Thursday, May 8, 2014

Climate Change: Woolf Evasive On Keystone XL

Aaron Woolf and Bill Owns April 2014If the existential issue of our time is climate change, the Keystone XL pipeline project is the decisive political issue of the day. As Bill McKibben has said, “If we’re trying to do something about climate change, which theoretically all our governments are committed to doing, then (Keystone) is a very big deal. It’s the equivalent of adding six million new cars to the road.”

Other analysts say the impacts would be even greater over an extended period of time – the equivalent of 1 billion vehicles or 1,400 coal-fired power plants in greenhouse gas emissions. Legislators’ position on the Keystone project, which would extract oil from Canadian tar sands and pipe it through midwestern states to the Gulf Coast, is then, an indication of how seriously they take the threat of climate change to the communities they represent. » Continue Reading.


Monday, April 7, 2014

Forest Preserve History:
Apperson-Schaeffer Collection Going Online

Kelly Adirondack CenterGovernor Al Smith helped block the construction of a highway along the shore of Tongue Mountain, but it was Franklin D.  Roosevelt who was instrumental in protecting the east shore of Lake George, documents in the Apperson-Schaefer collection at the Kelly Adirondack Center at Union College in Schenectady suggest.

With funding from the bond acts of 1916 and 1926, much of Tongue Mountain and many of the islands in the Narrows were now protected, permanently, as parts of the Adirondack Forest Preserve.

But by 1926, John Apperson, the General Electric engineer who dedicated much of his life to the protection of Lake George, had become concerned about the future of the east side. » Continue Reading.


Tuesday, March 25, 2014

Anthony Hall: Stefanik’s Weird Health Care Politics

healthcare-reformIn an interview with the Lake George Mirror, as well in interviews with other newspapers and in an op-ed piece published by the Watertown Daily Times in November, Congressional candidate Elise Stefanik stated that she favors the repeal of the Affordable Care Act.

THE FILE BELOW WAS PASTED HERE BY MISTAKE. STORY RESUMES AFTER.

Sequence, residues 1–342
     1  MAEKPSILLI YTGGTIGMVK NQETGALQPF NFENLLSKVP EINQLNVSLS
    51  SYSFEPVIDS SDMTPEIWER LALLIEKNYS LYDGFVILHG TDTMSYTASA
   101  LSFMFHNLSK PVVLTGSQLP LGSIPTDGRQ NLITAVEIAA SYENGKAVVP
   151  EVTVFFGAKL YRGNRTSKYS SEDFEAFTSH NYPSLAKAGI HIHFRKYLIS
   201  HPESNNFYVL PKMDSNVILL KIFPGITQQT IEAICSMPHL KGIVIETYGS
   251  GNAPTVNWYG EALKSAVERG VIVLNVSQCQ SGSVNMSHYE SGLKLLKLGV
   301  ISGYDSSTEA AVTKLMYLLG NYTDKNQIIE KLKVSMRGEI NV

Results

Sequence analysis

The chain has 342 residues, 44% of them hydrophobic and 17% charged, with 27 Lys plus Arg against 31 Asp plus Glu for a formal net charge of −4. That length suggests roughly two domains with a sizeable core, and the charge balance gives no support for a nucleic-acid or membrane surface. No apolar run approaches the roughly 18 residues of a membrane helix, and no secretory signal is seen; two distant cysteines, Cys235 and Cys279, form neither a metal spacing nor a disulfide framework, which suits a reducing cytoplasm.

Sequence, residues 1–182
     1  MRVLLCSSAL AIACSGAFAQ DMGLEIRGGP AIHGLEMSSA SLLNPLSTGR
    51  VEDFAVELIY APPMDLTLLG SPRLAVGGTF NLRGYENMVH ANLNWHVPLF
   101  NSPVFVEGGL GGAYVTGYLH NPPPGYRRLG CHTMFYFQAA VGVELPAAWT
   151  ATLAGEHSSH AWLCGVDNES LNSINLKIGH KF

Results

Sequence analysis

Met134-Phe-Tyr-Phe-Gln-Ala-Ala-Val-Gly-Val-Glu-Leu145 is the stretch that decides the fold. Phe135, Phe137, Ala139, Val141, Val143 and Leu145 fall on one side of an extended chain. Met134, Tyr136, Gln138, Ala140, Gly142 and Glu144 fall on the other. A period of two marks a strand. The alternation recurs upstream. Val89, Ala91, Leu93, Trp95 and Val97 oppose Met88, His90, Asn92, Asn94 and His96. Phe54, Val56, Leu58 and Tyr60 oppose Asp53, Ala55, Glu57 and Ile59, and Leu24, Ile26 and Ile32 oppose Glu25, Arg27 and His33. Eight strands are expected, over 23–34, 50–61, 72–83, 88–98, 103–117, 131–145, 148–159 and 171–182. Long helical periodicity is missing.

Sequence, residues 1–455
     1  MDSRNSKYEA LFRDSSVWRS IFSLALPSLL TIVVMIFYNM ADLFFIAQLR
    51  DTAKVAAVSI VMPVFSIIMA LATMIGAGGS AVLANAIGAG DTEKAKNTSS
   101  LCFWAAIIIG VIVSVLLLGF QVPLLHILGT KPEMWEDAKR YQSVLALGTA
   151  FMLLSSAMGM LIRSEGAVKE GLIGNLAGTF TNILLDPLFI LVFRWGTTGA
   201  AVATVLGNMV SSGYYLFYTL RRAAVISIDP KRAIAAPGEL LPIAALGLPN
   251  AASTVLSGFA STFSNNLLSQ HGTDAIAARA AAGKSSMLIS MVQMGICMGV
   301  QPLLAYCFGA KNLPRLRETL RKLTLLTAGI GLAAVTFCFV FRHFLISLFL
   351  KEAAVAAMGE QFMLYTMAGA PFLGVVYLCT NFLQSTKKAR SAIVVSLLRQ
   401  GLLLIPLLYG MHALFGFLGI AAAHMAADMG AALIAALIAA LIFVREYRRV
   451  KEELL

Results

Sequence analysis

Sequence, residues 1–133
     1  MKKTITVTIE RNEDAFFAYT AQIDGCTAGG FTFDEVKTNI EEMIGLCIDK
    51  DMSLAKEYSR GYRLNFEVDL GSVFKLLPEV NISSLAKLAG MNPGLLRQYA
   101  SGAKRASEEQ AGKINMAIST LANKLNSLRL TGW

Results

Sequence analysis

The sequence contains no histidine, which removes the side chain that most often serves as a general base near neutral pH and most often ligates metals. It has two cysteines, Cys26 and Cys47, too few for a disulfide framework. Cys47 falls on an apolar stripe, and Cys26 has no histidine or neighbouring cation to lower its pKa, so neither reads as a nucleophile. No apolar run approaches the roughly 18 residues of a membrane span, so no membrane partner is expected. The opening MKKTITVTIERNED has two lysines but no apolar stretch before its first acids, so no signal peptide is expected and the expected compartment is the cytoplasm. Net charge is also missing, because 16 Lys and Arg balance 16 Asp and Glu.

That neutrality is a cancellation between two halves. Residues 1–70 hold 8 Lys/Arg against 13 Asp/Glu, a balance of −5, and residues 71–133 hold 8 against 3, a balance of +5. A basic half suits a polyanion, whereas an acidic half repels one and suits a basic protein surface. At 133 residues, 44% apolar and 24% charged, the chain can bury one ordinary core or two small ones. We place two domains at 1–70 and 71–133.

She added that she would replace it with, among other things, measures that allow people to purchase health insurance from out of state insurers, purportedly on the grounds that the costs of health care would thereby drop. But anyone familiar with the Affordable Care Act knows that it does permit people to purchase health insurance across state lines. » Continue Reading.


Tuesday, March 18, 2014

$5 Million Lake George Redevelopment Announced

Adirondack Brewery DistilleryAdirondack Pub and Brewery owner John Carr has announced that he is purchasing the four-acre lot on Route 9 owned by the Off-Track Betting Corporation for $1.25 million.  Carr’s immediate plans for the property include expanding Adirondack’s brewing and bottling operations and building the first whiskey distillery in Lake George.   OTB will continue to operate a betting parlor at the site until it secures a new location, according to Carr.

With the construction of a new plant on the property, Carr expects his brewing and bottling capacities to triple. “We look forward to seeing our Adirondack beers being sold in every county of the state,” he said.  Once the expansion is complete, Adirondack Brewery is expected to produce 35,000 barrels of beer a year.   Carr said the project will take five years to complete and cost approximately $5 million. » Continue Reading.


Thursday, February 13, 2014

Commentary: A Congressional Candidate No One Knows

Elise Stefanik watches herself on TVAddressing the concerns of the opponents of the proposed federal constitution, who worried that members of Congress would not be sufficiently representative of the interests and opinions of their districts, the authors of ‘The Federalist Papers’ pointed out that a candidate without local connections would be unlikely to get elected.

They could not win the esteem of their neighbors without having already demonstrated merit and sound judgement. They will be acquainted with local issues, because in all probability they will have served in the state legislature, “where all local information and interests of the state are assembled,” or in some other local office. » Continue Reading.